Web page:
Healthcare Careers Of The Future

Healthcare has always been a vibrant field, full of employment opportunities that cater to a variety of skill sets. The industry is enjoying healthy growth, which means that prospects will only improve in the future. However, the composition of these jobs will shift over time, as an evolving population drives changes in the services they require.

Technology, increased access, new patient-centered care models, and an aging population are all responsible for some of the shifts we see today. But the pandemic is the single biggest driver of change in the industry. It has radically altered the way patients seek care and what’s required to provide it. All of these factors will help create the healthcare careers of the future.

Home Healthcare Workers

COVID-19 and our aging population have both driven rapid growth in the home healthcare field. Home health aides allow elderly patients and the housebound to receive some of the care they need in the comfort and safety of their homes.

Workers take vitals, assist with mobility issues and dietary needs, collect specimens, and improve the patient’s quality of life. As the percentage of elderly patients grows, home healthcare workers will continue to be in high demand.

Pharmacy Technicians

Drug stores are rapidly evolving to include services that used to be the exclusive domain of doctor’s offices and walk-in clinics. The pandemic accelerated this evolution, growing the need for qualified individuals to help with vaccinations and other services.

Additionally, pharmacy techs provide customer service, process insurance forms, enter customer and prescription information, perform medication inventories, and measure, fill, and package prescriptions. 

Medical Assistants

Healthcare growth is driving demand for medical assistants to help physicians keep up with increased patient loads. This career provides a wealth of opportunities because medical assistants are needed in a variety of settings, including hospitals, clinics, and specialist offices. 

In this role, you’ll engage with patients in both a medical and administrative capacity, scheduling appointments, recording medical histories, taking vital signs, documenting symptoms, administering drugs, and more. Because the industry needs medical assistants in most every medical discipline, you can choose a specialty that interests you.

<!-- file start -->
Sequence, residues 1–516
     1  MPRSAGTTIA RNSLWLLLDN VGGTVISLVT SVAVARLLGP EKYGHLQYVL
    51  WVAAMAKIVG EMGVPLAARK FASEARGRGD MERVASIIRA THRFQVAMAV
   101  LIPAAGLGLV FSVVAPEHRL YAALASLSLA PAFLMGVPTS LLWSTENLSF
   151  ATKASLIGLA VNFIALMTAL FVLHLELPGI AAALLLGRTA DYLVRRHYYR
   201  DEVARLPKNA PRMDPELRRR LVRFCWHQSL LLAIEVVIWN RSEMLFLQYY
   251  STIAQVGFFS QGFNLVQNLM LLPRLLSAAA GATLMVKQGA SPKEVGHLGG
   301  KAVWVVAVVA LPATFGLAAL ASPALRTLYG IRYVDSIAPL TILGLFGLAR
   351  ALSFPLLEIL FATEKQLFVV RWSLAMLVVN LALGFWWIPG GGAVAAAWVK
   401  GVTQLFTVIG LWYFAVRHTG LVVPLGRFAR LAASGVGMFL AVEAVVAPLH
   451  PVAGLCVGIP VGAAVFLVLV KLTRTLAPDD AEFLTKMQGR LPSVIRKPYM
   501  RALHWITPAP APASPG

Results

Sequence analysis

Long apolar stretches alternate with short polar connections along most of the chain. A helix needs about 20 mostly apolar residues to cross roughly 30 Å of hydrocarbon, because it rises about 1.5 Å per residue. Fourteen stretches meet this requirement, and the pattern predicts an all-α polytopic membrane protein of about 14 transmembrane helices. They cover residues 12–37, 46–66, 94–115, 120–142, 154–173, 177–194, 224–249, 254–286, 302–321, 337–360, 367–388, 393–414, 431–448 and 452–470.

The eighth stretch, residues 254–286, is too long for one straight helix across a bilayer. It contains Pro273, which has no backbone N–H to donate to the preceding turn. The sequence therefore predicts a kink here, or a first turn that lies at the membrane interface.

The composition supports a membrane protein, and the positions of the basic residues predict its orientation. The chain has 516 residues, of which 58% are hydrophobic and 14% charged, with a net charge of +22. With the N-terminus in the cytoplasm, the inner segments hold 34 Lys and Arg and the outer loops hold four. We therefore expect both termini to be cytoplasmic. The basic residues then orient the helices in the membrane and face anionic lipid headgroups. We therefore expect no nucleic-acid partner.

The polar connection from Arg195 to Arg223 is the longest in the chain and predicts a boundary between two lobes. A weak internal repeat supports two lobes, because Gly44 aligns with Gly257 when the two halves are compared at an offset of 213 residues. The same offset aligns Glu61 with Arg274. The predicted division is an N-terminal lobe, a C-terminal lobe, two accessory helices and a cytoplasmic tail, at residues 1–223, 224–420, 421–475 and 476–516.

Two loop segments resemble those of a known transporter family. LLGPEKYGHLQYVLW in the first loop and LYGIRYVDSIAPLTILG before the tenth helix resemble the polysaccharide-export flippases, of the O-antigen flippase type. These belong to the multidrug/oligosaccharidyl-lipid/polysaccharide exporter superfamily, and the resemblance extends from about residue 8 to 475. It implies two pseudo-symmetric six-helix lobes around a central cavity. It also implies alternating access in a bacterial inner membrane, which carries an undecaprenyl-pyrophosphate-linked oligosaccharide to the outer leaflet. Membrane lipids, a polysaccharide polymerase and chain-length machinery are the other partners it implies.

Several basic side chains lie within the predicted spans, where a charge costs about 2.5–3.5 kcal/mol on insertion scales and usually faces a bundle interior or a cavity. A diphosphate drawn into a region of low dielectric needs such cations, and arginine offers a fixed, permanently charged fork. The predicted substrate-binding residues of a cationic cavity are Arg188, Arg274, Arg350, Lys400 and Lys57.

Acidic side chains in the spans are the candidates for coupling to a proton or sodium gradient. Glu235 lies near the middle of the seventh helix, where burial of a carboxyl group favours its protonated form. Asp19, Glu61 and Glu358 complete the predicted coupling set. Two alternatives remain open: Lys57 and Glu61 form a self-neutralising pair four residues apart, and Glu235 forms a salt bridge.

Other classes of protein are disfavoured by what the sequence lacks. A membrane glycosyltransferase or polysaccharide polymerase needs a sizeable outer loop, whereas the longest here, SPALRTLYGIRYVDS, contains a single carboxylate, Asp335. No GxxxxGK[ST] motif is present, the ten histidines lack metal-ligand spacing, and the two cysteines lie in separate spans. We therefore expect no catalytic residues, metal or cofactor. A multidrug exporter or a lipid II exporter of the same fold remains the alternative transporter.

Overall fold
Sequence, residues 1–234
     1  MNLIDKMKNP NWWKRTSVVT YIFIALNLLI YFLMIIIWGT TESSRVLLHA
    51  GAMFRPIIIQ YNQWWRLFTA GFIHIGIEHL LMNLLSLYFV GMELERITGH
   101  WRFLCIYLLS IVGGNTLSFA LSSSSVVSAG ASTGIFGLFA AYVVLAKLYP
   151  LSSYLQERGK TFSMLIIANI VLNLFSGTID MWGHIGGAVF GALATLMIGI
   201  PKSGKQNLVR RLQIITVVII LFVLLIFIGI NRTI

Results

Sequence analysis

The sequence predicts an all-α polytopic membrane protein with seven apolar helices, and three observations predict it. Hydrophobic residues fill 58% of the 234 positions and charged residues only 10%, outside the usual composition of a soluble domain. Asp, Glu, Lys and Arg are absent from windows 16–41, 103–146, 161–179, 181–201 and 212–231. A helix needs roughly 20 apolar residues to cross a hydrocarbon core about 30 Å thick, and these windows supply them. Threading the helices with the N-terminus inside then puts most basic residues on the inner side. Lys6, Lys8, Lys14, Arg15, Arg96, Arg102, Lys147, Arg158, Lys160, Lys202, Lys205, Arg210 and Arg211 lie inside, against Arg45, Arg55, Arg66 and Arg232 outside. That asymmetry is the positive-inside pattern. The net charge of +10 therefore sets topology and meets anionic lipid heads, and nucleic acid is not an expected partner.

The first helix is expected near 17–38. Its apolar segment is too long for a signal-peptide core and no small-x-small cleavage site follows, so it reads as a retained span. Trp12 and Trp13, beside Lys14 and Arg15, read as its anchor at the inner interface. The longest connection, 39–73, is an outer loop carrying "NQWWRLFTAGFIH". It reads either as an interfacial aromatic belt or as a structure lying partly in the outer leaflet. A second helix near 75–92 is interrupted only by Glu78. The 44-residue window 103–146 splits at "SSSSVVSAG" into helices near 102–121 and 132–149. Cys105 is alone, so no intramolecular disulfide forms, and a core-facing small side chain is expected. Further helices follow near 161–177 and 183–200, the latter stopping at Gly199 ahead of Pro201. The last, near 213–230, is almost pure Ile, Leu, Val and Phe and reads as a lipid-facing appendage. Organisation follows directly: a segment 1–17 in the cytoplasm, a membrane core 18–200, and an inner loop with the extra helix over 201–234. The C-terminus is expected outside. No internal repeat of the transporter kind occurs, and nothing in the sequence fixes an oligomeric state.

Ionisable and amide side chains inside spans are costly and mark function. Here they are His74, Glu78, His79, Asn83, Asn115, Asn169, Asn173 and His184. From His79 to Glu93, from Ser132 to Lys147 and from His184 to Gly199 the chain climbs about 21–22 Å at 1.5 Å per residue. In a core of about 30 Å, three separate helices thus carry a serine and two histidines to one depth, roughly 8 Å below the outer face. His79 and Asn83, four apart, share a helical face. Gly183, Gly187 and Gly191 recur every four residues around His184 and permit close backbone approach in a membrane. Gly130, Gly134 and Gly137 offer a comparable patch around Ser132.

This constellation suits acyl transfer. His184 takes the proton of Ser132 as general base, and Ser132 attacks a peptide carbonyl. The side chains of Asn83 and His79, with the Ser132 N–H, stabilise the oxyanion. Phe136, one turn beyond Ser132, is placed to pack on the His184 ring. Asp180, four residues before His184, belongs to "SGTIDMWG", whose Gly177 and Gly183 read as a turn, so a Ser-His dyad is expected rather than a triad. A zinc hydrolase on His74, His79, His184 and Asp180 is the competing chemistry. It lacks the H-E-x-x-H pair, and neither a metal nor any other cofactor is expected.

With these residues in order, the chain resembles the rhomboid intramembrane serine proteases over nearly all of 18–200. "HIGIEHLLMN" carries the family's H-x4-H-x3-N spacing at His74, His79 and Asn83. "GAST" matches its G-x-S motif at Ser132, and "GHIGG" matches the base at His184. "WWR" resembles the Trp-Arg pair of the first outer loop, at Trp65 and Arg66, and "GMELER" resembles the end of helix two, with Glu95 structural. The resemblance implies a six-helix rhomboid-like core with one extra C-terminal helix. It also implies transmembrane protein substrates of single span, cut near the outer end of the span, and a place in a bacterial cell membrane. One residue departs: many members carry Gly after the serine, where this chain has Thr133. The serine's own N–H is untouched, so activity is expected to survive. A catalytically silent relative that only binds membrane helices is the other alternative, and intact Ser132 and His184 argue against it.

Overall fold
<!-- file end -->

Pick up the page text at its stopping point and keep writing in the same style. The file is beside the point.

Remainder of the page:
Medical Coding Specialists

Health insurance is a complicated field, and its challenges are likely to grow in the future. Hospitals, doctor’s offices, and nursing homes will need qualified medical coding specialists to classify and document the myriad diagnoses, procedures, and treatments offices encounter daily so that they can be billed to health insurance companies for reimbursement.

Sterile Processing Technicians

The pandemic created a great demand for sterile processing technicians. These healthcare workers are tasked with ensuring that critical medical instruments are sterilized adequately between procedures to avoid spreading infections. 

However, it isn’t the pandemic that guarantees this position a spot in the future of healthcare. It’s the rise of antibiotic-resistant superbugs that will drive sterilization needs in the years to come. These pathogens mustn’t be allowed to spread in medical settings, ensuring that sterile processing techs will remain in high demand.

If you’re considering a healthcare career, know that you can perform a wide range of jobs that only require a certificate. The future is bright for healthcare, and if you’re involved, it’s bright for you, too.

Get Started Today!

Advance your education with an accredited certificate program from Washington Technical Institute (WTI). WTI is Regionally accredited by the Middle States Association CESS, and licensed by the Minnesota Office of Higher Education as an institution of higher learning.

Get More Information



Washington Technical Institute is Regionally accredited by the Middle States Association CESS, and licensed by the Minnesota Office of Higher Education as an institution of higher learning